The art and science of IIT JEE evaluation

When I appeared for IIT JEE in 1975 — All India Rank (AIR) 31 — there was no objectivity or negativity. After 40 years, in the beginning of 2015, I set off preparing my daughter for the JEE Advanced. The profound sea change was expected. The evolution in the quality and the quantity of the students appearing for the JEE had necessitated the expansion of the syllabus, enhancing the complexity and the introduction of objective questions. To correct the anomalies inherent in the nature of objective evaluation, the IIT Joint Admission Committee (JAC) imposed negative marks, reaching a peak of two negative marks out of four for a set of 30 MCQ in JEE Advanced 2015.

Anomaly is a slippery creature. The more one tries to detach it, the more deeply it entrenches itself. While inflicting two negative marks on the hapless candidate ratiocinating to arrive at the correct answer, the JAC hoped to foil the alarming advice rendered by some coaching institutes and websites, alarming, because a few of the gurus encouraged the students to hone the craft of probability ‘to guess your way’ rather than master the principles of Kirchoff’s Laws, derailing the essence of evaluation of engineering proficiency: ‘tips to cheat’, ‘do a little guesswork’, ‘reverse engineer’, ‘discard highest and lowest outliers because in 60% cases they are not right’ and ‘check the dimensions to filter options’. Though the specter of 50% negative marks might have stopped the wizards of guessology in their tracks, it tripped the intelligent student to the former’s advantage. Sometimes, especially in the JEE 2015, an unprepared student, who has not comprehended the fundamentals of the problem and the topic and who cannot fathom an approach to solve it, nevertheless gains, over a student with a fair idea of tackling the challenge, by guessing or not replying at all.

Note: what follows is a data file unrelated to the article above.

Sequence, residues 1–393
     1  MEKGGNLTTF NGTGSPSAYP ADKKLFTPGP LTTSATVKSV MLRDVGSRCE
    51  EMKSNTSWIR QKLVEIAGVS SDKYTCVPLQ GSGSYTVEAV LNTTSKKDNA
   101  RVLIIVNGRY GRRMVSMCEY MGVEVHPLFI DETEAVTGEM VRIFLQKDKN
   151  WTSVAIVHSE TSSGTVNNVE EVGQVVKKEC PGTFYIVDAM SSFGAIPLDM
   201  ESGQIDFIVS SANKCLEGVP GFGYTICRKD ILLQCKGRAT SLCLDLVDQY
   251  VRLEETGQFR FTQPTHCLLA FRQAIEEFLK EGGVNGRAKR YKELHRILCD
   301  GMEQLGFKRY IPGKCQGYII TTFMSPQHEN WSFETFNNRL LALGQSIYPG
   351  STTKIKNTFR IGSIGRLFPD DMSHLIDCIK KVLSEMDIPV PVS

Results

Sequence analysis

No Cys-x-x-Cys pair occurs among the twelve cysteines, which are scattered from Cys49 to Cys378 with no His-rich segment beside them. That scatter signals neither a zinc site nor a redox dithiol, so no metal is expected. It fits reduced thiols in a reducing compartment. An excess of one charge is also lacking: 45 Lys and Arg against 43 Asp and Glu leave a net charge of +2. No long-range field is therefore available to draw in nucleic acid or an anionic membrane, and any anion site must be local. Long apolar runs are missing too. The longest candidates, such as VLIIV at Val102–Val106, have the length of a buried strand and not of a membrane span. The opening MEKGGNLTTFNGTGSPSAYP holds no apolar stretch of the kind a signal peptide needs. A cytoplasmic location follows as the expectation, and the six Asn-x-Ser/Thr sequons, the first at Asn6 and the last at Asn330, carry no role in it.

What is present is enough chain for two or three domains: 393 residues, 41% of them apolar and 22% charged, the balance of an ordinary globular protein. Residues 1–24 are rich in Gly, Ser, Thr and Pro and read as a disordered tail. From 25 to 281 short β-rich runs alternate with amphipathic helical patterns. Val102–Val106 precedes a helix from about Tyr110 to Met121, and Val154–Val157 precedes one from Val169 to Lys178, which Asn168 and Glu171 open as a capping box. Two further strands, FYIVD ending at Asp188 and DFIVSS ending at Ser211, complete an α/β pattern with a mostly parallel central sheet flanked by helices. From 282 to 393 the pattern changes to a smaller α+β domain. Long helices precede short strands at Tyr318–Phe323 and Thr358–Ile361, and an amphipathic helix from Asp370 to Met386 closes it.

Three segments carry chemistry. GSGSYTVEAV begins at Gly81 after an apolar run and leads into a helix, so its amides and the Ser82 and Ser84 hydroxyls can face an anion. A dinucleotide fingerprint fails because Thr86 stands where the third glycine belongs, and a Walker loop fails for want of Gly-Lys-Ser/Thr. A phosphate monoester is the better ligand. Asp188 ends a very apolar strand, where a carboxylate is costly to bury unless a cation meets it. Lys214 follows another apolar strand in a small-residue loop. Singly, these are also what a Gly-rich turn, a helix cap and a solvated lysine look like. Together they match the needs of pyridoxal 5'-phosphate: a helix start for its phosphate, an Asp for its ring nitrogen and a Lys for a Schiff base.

Consider a typical multiple-choice question with one or more than one correct options, where options ‘A’, ‘B’ and ‘D’ are correct and ‘C’ is wrong. The clueless candidate moves on to the next question without vacillating, wasting no time and no marks, whereas the one having the grasp on the concept solves the problem, darkens the ‘A’ and ‘B’ bubbles, leaves the option ‘C’ untouched and unsure of the option ‘D’, does not mark it. The result? Five minutes wasted and two negative marks awarded. If this were the first question, the first candidate attains a pole position with respect to the later, for the remaining question paper. How this phenomenon affects the ranking in various bands — 1 to 50, 100 to 200, 400 to 500 — is analyzed and can be given in a detailed article.